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Title: A pre-treatment assessment of small mammals in the hardwood ecosystem experiment

Author: Urban, Natasha A.; Swihart, Robert K.;

Date: 2013

Source: In: Swihart, Robert K.; Saunders, Michael R.; Kalb, Rebecca A.; Haulton, G. Scott; Michler, Charles H., eds. 2013. The Hardwood Ecosystem Experiment: a framework for studying responses to forest management. Gen. Tech. Rep. NRS-P-108. Newtown Square, PA: U.S. Department of Agriculture, Forest Service, Northern Research Station: 151-175.

Publication Series: Paper (invited, offered, keynote)

   Note: This article is part of a larger document. View the larger document

Description: The Hardwood Ecosystem Experiment (HEE) is a 100-year, replicated experiment implemented in south-central Indiana to examine the impacts of multiple timber management regimes on forest ecosystems. A secondary objective of the HEE is to evaluate responses of small mammal assemblages. We trapped at 32 sites prior to silvicultural treatments to assess pre-treatment small mammal communities. Trapping at all sites in both years allowed for modeling of multi-season occupancy and relative abundance using environmental covariates while incorporating imperfect detection. Estimated occupancy probabilities and species richness were larger than naïve estimates. Species richness was not significantly different between treatments or years. Except for the abundance of eastern chipmunks (Tamias striatus), the probability of occupancy and relative abundance of species did not differ among proposed treatment units. Abundance of white-footed mice (Peromyscus leucopus) and short-tailed shrews (Blarina brevicauda) and survival of local populations of pine voles (Microtus pinetorum) were greater for sites with northeastern aspects. Abundance of short-tailed shrews and pine voles also increased with greater herbaceous ground cover. By incorporating detection probability, we were able to derive more accurate estimates of relative abundance and, when coupled with a Bayesian framework, estimate occupancy for uncommon species. The baseline responses reported here can be used by forest managers to determine impacts of even-aged and uneven-aged oak (Quercus) management on small mammals subsequent to timber harvest.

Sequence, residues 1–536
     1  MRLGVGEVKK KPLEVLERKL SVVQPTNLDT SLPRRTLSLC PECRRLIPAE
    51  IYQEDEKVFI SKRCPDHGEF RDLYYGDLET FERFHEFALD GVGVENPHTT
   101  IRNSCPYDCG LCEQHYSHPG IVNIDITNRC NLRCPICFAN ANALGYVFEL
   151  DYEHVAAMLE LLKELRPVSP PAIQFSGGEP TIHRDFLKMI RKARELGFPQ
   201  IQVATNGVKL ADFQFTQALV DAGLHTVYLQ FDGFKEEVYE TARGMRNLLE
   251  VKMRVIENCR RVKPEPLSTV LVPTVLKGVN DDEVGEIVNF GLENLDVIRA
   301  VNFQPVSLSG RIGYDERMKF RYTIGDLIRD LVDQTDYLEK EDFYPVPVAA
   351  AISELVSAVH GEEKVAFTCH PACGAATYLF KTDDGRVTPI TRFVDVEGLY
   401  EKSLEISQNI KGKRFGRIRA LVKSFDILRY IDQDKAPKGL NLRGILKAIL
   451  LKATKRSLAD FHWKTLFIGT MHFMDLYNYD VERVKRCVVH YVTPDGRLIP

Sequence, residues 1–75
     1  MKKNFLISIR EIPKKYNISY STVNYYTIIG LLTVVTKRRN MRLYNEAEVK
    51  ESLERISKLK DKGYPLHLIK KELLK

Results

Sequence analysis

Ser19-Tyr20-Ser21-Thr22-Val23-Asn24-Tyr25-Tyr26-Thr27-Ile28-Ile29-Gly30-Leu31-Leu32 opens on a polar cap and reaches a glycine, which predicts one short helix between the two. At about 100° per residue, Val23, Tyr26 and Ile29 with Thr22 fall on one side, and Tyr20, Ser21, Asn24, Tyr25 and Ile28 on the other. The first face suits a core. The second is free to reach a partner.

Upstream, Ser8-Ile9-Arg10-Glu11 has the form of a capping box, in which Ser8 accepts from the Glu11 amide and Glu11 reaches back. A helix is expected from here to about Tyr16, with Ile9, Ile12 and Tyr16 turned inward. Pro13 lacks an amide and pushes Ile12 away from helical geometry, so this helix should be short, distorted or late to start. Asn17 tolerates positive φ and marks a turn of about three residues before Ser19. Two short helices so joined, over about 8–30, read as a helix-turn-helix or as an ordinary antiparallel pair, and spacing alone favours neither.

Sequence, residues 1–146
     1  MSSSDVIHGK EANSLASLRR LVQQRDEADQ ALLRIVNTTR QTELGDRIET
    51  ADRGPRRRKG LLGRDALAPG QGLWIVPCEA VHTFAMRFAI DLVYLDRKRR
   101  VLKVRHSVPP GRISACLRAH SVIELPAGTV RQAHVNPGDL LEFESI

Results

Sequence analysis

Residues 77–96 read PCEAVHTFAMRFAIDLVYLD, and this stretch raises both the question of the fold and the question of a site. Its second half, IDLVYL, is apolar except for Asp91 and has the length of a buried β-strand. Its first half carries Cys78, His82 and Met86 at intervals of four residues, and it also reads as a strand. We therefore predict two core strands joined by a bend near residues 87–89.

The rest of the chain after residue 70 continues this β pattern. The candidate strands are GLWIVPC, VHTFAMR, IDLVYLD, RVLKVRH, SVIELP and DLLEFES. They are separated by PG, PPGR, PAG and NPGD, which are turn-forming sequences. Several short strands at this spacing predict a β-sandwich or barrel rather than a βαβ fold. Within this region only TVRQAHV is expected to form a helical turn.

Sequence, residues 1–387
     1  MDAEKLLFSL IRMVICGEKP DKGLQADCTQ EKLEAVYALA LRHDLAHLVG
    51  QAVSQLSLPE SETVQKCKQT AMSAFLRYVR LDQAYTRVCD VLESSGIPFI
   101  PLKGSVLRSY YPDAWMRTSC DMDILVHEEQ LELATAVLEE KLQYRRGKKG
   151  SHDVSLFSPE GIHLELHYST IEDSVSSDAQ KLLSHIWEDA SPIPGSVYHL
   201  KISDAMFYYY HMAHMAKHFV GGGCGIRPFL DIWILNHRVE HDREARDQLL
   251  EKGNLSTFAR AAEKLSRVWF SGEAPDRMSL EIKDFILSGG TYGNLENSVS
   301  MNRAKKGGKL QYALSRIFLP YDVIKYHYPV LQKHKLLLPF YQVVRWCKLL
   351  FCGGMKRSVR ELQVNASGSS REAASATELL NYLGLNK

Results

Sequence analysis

Keywords: bats, beetles, birds, Central Hardwoods, experiment, forest management, human attitudes, Indiana, moths, oak, reptiles, salamanders, silviculture, small mammals, wildlife

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Citation:


Urban, Natasha A.; Swihart, Robert K. 2013. A pre-treatment assessment of small mammals in the hardwood ecosystem experiment. In: Swihart, Robert K.; Saunders, Michael R.; Kalb, Rebecca A.; Haulton, G. Scott; Michler, Charles H., eds. 2013. The Hardwood Ecosystem Experiment: a framework for studying responses to forest management. Gen. Tech. Rep. NRS-P-108. Newtown Square, PA: U.S. Department of Agriculture, Forest Service, Northern Research Station: 151-175.

 


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